It was Polvo that first introduced me to the world of Mark Prindle. Finally, a dude that understood how fucking great this band was. Now I see that Mark has gone and changed his original rating from a nine (deserved) to an eight (too low). What's next, nude posters of his wife?

Add your thoughts?

Shapes - Touch And Go 1997.
Rating = 7

I can only assume that somebody complained that "all their records sound the same" or something, because this album features way too many misguided attempts to alter the band's sound, with the result being that Polvo now sounds a lot like all those other unnecessary and lesser-talented indie rock bands that college kids like for some reason.

UPDATE: I had actually left Chapel Hill for NYC in early '96 and thus didn't know of the drama surrounding this release. Apparently by the time they got around to recording it, Eddie had quit, Dave had moved to NY and Ash had moved to Boston. So there had likely been no practice, no rehearsals, no jam sessions, no nothin'. How groundbreaking was the album going to be? Now back to the UN-UPDATE.

My major complaint here is that the band, in its determination to attack new and varied forms of musical instrumentation (I could be wrong, but I think I hear sitars, banjos, pianos, keyboards, and trumpets in there), have neglected to bother writing any really great melodies. Just because you throw a simplistic sitar line into a song doesn't make the song "interesting." In this case, it totally drags Polvo away from their real strength - guitar interplay. Three songs - the beautiful "Twenty White Tents," stirring and somber "Enemy Insects," and lengthy, drawn-out "El Rocio" - all sound like the Polvo we've grown to love. The rest of the record is an unsuccessful experiment in genericism. Polvo don't ROCK (their guitar tones are far too tinny to pull it off), and I personally wish they'd stop trying to do so. Now, I realize that as a fan, I'm in no position to instruct the band on how best to maximize their collective strengths - I mean, if a band wants to progress, they should progress - I'm just putting forth a suggestion that they spend a little more time on melody development the next time around. Most of these songs sound like they were made up in ten minutes (and maybe they were?). Polvo are far more talented and smart than this record shows them to be.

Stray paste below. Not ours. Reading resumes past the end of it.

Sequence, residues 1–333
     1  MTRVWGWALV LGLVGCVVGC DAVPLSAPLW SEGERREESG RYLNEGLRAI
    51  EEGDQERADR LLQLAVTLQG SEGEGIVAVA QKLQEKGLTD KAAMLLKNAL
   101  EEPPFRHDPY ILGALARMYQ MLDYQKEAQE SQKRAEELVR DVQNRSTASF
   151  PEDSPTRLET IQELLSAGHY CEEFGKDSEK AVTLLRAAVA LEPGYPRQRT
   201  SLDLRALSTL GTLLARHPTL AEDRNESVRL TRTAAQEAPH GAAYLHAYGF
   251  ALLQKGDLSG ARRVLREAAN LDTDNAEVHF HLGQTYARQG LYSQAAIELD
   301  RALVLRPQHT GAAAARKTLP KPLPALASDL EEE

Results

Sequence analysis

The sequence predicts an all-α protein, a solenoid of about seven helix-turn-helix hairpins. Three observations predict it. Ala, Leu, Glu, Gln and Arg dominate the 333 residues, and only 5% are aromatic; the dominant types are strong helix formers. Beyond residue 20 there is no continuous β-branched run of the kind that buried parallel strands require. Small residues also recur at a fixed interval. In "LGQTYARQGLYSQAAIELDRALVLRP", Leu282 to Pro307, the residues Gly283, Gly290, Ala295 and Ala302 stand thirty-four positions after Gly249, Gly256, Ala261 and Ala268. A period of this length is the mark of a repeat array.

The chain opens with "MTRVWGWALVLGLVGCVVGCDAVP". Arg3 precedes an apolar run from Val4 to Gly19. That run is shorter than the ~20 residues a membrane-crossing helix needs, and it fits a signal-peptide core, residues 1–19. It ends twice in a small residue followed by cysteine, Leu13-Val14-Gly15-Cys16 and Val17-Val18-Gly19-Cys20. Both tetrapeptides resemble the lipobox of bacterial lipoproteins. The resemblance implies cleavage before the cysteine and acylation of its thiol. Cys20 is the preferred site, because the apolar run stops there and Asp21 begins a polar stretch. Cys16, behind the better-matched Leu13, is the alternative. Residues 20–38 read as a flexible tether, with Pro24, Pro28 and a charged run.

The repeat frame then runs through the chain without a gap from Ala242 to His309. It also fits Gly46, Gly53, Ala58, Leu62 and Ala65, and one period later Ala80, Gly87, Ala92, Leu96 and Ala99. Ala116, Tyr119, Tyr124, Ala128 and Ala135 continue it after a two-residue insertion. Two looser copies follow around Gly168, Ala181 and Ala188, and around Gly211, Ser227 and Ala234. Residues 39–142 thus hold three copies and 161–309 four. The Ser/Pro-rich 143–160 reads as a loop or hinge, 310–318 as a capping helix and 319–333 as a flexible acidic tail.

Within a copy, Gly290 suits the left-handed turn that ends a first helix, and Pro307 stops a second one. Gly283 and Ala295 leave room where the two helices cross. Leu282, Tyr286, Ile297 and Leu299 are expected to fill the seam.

Having bitched enough, I want to conclude by making it clear that, regardless of my earlier complaints, Shapes is a good indie rock record. If you buy it, you'll probably like it. It's only a letdown to me because Polvo is one of the greatest bands in the world, and I know that they're capable of so much more than this. "Rock Post Rock" has some really great Zeppeliny guitar bits, though, and Stacy "Spott" Philpott's horn solos in "Downtown Dedication" totally steal the show. Go, Stacy "Spott", go!

Reader Comments

sunocar@btigate.com (Carson Hoovestol)
At first, Shapes totally took me by surprise. But it grew on me. I've come to enjoy "Enemy Insects", "Twenty White Tents", "Everything In Flames", "Downtown Dedication", "El Rocio", and "lantern" dearly. Also, if anyone didn't catch it, there's an intersting Hendrix nod- "d.d.s.r." = " downtown dedication : slight return" if I may be so bold. Shapes does at times sound like Polvo just screwing around trying to play other "genres" of music, but overall it's an interesting album, and a worthy piece of the Polvo library/puzzle.

I have seen a shitload of bands in my college days, and Polvo are one of the weirdest, most perfect of the bunch. From 1992-1995 it was a head to head battle between Polvo and Drive Like Jehu for the throne of noise-rock kings.

mwhite@whiterunkle.com (Mark White)
The melodies are there on Shapes; they're just harder to find. And that's what makes it their best album yet. The band isn't experimenting for the sake of experimentation here, they are bending and twisting the pop song structure even further then on previous efforts. I love Exploded Drawing and their earlier albums, but they didn't have the diversity and range of Shapes. Therefore, to me at least, they are less interesting. I say keep going with the sitar, trumpets, and whatever else they want to throw in there. The songwriting is still as strong. If not stronger.

pmhart@ptbo.igs.net (Patricia Hart)
I really like Shapes, and not because it sounds like a typical indie rock record, but because it is a nice change from exploded drawing. I thought Exploded had some ultra boring moments that were only made bearable by songs like "Fast Canoe" and "When Will You Die....". If the songs on shapes replaced these boring moments, Exploded would be a monster. Polvo has a great tendency to sound un-Polvo, like on Shapes, but if you give it another chance, it is mildly reminiscent of This Eclipse at times, which is great, but in a different way.